How I Learned to Write

Menachem Begin taught me to read. Okay, he didn't. But seeing a headline about him taught me that I already could read. 

Prime Minister Begin of Israel
Photo: MSGT Denham, US Air Force

It was 1978, and the world was gearing up for the Camp David Accords, in which Egypt’s President Anwar Sadat and Israel’s Prime Minister Menachem Begin would make peace. But I was six, and the only “begin" I knew was the kind that meant start. So when I saw a newspaper headline that said, “Begin Agrees to Talks,” it meant nothing to me, and I took that as proof that I still didn’t “really” know how to read. 

But then my mother explained it, and a light turned on. I realized that I had read that headline just fine; the only thing that made it confusing was my lack of knowledge of politics. From then on, I knew that I could read anything I wanted to. And if I didn’t understand it, I could always fix the problem by reading more.

I wrote my first story that same year, dictating it to my mother, who transcribed it onto a cut paper snowflake. I couldn’t have asked for a more supportive parent when it came to my writing, and she proved to be an excellent editor, as well. 

My childhood was anything but typical. I was rarely allowed to spend time with friends. Television was off limits (except for the gruesomely violent miniseries Roots when I was six—more about that in a later post), but it seemed there was always a book being read aloud in our family. My exposure to the world was mostly through books, which left me with the impression that most adults were authors, and writing books was how they communicated. So I assumed that when I grew up, I would write books, too. 

I did sneak in a little TV watching at my grandmother’s, though, where Quantum Leap gave me my first forbidden taste of science fiction. 

Writing was not only an escape for me, but also a safe way to express myself and—though I didn’t know it at the time—a way to process my feelings. My mother reminded me frequently that “feelings don’t matter,” and of course I believed her. So I consider myself lucky that I started writing stories so young. The process helped form my thinking patterns, and even now I frequently find myself thinking in allegories—a big advantage for a writer. 

Homeschool creative writing assignments were where I first heard the song—the beautiful music of the prose in my head. But it wasn’t my song yet.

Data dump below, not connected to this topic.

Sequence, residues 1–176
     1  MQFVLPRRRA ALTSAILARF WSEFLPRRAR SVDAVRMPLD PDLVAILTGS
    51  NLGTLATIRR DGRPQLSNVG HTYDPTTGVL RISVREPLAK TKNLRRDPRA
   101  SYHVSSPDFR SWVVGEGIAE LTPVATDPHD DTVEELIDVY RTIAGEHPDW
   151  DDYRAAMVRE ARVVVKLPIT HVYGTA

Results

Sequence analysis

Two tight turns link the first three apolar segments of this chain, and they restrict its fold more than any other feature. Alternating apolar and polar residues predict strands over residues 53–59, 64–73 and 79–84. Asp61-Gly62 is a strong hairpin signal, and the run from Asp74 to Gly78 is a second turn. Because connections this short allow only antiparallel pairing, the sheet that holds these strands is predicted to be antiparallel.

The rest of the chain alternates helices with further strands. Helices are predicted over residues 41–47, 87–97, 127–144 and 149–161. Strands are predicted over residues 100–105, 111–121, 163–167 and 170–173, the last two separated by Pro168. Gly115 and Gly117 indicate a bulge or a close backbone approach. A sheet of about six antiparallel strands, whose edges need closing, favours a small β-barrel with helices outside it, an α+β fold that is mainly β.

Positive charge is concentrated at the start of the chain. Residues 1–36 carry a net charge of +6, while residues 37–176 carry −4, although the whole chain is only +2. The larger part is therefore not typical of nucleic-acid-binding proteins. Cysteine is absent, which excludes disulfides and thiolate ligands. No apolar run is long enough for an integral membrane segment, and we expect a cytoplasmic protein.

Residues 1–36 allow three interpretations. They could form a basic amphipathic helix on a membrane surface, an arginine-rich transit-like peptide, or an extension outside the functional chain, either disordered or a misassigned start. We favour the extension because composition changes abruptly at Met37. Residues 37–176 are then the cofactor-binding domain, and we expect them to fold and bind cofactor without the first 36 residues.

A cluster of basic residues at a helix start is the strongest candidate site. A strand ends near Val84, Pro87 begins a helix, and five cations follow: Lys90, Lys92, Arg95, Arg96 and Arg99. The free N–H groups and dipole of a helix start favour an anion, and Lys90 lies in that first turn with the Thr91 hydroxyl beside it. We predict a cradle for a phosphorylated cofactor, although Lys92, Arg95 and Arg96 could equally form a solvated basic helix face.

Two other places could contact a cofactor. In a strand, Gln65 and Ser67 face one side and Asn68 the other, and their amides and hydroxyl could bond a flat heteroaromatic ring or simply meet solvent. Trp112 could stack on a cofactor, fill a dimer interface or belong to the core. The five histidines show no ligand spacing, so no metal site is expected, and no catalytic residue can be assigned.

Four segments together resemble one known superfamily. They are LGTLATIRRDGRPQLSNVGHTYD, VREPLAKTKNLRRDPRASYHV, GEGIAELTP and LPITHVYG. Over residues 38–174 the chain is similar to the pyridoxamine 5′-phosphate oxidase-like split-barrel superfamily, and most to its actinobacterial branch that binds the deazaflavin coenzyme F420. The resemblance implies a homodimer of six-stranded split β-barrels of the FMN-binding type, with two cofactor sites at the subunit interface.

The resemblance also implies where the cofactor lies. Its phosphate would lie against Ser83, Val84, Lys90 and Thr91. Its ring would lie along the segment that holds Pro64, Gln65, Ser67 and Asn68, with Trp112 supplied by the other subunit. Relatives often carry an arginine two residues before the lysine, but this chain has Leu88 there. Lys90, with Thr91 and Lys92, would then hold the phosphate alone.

Commander Worf of Star Trek

My mother would assign me a piece to read, and then tell me to write something in the same style. I loved those assignments. The music of the author’s voice was still ringing in my head, and I was able to infuse it into a new story. I think it was these exercises more than anything else that helped me develop my own writer’s voice, my own song. And for me, writing is the process of freeing that song. 

My unusual upbringing gave me a unique inside-yet-outside perspective on life. Since I grew up so isolated, I don’t really share a culture with anyone. I’m forced to view even “my own” American culture from the perspective of an outsider. This ability to stand apart is invaluable for writing, and it’s a big part of why I like science fiction, with its stories about aliens and the unfamiliar future. 

I was grown and out of the house before I discovered Star Trek. I was in Ohio living with a Fundamental Baptist family (their terminology, not mine), and Star Trek: The Next Generation was airing original episodes. The wife of my host family disapproved because the show wasn’t conservative, but the husband watched it in the living room anyway. In spite of the obvious quality issues, its optimistic view of science and humanity soon had me hooked. 

The first screenplay I ever saw was Twelve Monkeys, because I stumbled across it on the internet. I printed it out and must have read it a dozen times before I watched the movie. Then I discovered StorySense.com and Buzz McLaughlin’s On Scriptwriting and learned how to write my own screenplays.

In 2018, I entered the Fan Fiction Film Festival with a feature-length Star Trek screenplay called Quicksilver, and it landed in the top ten.

In the past few years, I’ve had the opportunity to take two writing classes, one for short stories and one for screenplays, and I enjoyed them both immensely. I’ll leave you with one of my shorts from the screenwriting class:

BIOLAB

EXT. LEAH'S OFFICES - DAY

Viktor NAVARRE, 30s, waits at one of several tables on an outdoor terrace in 22nd-century Boston. He's very studious, Caucasian, fit, shy, not good-looking. He wears no jewelry except two plain rings nestled into the creases where his left middle and ring fingers meet the palm.

LEAH Carter, 30s, African American, vivacious, warm intelligent eyes, pixie cut, emerges from the building and passes its sign: "Leah Carter, M.D., Psy.D., Pediatric Psychology." She walks to Navarre and joins him. She also wears two rings on her left hand, in the same place as Navarre's.

They open their lunch containers and begin to eat.

NAVARRE

It's very exciting. What a time to be alive. I mean, Leah, how many people can say they worked on the first genetically engineered human?

LEAH

Yes, the, um... Oh, I can't remember. What are they calling him again?

NAVARRE

Homo syntheticus. Donald likes to flatter himself that he's creating a new species.

They eat in silence for a moment, enjoying the sunshine and their friendship.

LEAH

You don't even like babies, Navarre.

NAVARRE

Hate them. You know that. Slobbery, incontinent. Can't even talk, much less hold a decent conversation. But I don't have to deal with the actual fetus too much. Most of my work is analytical.

LEAH

But when the pregnancy comes to term?

NAVARRE

The incubation period, yeah. It'll be my job to disconnect the subject from the incubator and ensure its viability.

LEAH

You get to deliver the baby. And you don't even appreciate it.

NAVARRE
(repulsed)

It's a baby.

INT. DONALD'S OFFICE - DAY

Albert DONALD, 40, permanent scowl, always grumbling, sits behind a desk with an expensive desk wedge that says "Albert Donald, President." He also wears the rings on his left hand.

Navarre sits opposite.

NAVARRE

Property! Are you crazy? You can't do that! It's a human being!

DONALD

Doctor Navarre, I hired you to be a medical consultant, not a morality judge.

NAVARRE

I'm a doctor. "I will do no harm."

DONALD